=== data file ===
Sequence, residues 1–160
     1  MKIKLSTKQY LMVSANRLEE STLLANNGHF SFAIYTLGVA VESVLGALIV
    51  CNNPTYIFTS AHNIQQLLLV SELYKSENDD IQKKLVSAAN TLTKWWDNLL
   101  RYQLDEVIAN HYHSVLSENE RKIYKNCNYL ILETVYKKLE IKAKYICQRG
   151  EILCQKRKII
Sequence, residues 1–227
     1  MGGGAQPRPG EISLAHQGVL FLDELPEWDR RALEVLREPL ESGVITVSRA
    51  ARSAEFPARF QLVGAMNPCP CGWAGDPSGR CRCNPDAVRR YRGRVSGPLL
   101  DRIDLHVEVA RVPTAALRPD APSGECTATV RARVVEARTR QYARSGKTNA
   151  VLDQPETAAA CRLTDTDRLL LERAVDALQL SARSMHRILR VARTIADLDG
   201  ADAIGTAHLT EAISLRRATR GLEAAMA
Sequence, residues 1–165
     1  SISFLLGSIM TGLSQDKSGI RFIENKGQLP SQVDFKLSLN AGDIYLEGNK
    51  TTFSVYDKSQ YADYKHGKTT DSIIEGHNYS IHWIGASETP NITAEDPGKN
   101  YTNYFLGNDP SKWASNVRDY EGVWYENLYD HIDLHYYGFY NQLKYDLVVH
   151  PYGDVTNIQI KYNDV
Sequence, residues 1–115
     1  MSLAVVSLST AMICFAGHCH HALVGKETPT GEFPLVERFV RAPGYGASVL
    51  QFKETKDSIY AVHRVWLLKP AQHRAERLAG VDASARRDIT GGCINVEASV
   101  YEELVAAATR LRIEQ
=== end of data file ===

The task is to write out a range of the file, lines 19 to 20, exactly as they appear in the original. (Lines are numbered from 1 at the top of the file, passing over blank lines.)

    51  QFKETKDSIY AVHRVWLLKP AQHRAERLAG VDASARRDIT GGCINVEASV
   101  YEELVAAATR LRIEQ